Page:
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5 Smart Ways to Help Siblings Get Along

Highlights 4Cs

Curious, Creative, Caring, and Confident™
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Siblings compete—for toys, games, rights, privileges, recognition, not to mention your undivided attention. And while there’s no magic bullet to completely eliminate minor skirmishes or major battles, you may be able to keep the peace (at least some of the time) with these anti-scuffle tips.
5 Smart Ways to Reduce At-Home Clashes

1. Make sure each child knows he’s valued.

This may sound obvious, but when there's a new baby in mommy’s lap, or a more accomplished older sib commanding attention, it’s almost a given that other kids will feel overlooked or overshadowed.

To diffuse rivalry: Encourage a brand new older brother to snuggle next to you first, and then you can proceed to feed the baby. And don’t play favorites: Do not expect older kids to recognize the needs of a new arrival, and later on, don’t single out the accomplishments of one exceptional older child as the gold standard others must live up to.

2. Outline privileges clearly so little ones will understand them.

Kids will find it fairer, and more tolerable, if you extend benefits in a uniform manner. A plainly stated rule helps reduce competition. If staying up until 8 p.m. is one of the privileges that come with being a cooperative 6-year-old in your family, formalize the policy, and make sure everyone is aware of it.

3. Don’t limit your kids’ options.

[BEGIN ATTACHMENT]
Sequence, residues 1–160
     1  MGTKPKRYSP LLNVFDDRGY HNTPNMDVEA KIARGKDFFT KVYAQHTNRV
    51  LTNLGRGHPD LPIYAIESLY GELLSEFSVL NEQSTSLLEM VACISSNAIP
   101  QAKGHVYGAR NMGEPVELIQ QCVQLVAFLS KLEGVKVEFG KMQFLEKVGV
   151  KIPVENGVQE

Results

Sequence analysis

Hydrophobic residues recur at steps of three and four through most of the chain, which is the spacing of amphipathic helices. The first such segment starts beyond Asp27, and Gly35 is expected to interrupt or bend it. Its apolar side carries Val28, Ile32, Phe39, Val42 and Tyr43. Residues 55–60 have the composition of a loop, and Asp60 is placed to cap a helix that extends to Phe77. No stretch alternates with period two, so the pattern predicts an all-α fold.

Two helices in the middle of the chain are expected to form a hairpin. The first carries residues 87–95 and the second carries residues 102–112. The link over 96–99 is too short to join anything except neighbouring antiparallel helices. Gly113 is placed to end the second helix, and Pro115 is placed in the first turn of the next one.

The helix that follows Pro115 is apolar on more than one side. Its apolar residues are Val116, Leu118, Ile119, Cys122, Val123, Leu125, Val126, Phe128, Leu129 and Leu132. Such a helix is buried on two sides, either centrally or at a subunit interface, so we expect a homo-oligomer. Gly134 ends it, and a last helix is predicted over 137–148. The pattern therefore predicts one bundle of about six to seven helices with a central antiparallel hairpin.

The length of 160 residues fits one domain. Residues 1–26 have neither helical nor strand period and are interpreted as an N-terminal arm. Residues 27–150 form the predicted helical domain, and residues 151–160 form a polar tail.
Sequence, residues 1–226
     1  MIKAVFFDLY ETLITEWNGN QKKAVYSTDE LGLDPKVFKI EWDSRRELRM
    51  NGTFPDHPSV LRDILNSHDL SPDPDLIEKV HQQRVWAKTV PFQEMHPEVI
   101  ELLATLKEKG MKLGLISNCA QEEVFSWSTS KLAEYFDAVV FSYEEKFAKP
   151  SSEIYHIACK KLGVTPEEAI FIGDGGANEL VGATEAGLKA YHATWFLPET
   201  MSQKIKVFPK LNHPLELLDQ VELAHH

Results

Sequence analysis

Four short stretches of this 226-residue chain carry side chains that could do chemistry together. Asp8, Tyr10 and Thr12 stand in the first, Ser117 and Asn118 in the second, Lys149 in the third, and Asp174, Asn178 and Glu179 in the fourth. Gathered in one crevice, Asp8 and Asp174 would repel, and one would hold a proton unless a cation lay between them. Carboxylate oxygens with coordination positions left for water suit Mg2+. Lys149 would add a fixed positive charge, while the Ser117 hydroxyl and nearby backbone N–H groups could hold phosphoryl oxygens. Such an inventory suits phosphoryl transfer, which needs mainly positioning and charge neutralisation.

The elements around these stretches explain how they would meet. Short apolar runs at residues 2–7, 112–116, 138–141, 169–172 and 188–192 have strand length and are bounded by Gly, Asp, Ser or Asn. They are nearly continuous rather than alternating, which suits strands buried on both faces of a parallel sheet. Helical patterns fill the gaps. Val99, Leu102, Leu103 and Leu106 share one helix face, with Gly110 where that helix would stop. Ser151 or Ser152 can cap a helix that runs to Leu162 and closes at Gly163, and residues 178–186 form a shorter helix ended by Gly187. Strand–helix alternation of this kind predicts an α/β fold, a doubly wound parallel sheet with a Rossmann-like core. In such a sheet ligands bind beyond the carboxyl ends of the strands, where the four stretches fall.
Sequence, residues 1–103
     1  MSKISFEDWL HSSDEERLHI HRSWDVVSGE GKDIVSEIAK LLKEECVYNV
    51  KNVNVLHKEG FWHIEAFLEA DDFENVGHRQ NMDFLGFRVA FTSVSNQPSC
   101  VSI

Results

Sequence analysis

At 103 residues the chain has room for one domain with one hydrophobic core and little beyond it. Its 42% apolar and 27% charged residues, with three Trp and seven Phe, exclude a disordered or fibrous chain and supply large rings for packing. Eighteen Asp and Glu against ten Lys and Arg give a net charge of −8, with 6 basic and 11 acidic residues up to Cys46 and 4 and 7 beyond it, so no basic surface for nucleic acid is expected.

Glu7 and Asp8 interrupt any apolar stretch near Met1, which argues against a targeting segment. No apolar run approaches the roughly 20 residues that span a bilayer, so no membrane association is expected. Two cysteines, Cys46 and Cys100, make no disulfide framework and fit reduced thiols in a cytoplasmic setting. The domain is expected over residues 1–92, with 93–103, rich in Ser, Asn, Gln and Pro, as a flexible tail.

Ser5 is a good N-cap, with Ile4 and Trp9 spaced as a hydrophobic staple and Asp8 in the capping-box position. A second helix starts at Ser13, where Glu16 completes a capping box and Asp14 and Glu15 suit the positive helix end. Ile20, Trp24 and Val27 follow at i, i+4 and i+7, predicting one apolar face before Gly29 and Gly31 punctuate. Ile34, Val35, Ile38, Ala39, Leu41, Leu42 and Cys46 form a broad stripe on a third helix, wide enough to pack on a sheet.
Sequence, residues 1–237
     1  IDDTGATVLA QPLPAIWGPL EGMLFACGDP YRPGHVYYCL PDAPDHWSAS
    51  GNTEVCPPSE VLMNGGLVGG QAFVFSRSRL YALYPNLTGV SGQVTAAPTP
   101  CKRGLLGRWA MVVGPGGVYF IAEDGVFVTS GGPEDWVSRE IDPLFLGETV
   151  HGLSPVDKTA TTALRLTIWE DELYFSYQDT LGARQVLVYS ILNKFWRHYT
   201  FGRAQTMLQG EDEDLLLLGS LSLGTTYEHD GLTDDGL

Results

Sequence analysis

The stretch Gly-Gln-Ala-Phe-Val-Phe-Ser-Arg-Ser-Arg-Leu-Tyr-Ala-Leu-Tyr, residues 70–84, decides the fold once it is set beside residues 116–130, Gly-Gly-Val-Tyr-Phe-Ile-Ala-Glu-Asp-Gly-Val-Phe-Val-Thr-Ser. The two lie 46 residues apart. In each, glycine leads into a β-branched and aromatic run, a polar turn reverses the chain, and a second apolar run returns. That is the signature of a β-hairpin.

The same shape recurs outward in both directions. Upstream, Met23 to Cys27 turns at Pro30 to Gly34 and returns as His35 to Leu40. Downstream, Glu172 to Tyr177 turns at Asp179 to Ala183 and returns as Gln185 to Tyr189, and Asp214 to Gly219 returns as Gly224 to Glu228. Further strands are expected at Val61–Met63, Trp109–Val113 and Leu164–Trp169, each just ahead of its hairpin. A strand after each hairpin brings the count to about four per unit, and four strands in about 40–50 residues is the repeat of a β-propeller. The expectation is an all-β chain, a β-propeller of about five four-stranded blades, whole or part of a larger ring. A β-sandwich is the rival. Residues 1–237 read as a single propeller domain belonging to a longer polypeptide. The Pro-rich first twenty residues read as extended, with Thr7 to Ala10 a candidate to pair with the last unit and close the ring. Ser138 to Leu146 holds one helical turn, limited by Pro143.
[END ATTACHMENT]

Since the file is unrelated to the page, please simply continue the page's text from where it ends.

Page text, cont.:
Assigning each child with a “best at” label may trigger unhealthy competition—or worse, discourage “not best at” youngsters from testing their own untapped talents.

See Also: How to Calm an Overexcited Toddler

A smarter move: Foster a can-do attitude in everyone. Avoid labeling children in ways that limit exploration. Provide encouragement, activities, opportunities, support, and resources for all family members.

4. Model team spirit.

Encourage sibs to cheer for each other on and off the field, applaud each other's successes, and boost spirits after disappointments. Help them see the accomplishments of one do not, in any way, diminish the value, essence, interests, and skills of any other family member.

5. Support cooperative projects.

Create situations where can sibs collaborate to achieve a collective goal. Plant a family garden. As a group, think up every day and special occasion menus, and shop for ingredients together.

Plan family trips to a local farm, zoo, or aquarium where everyone can learn something new and later share it with the rest of the family. Encourage kids to listen to one another, appreciate others’ interests, and show respect for everyone’s contributions.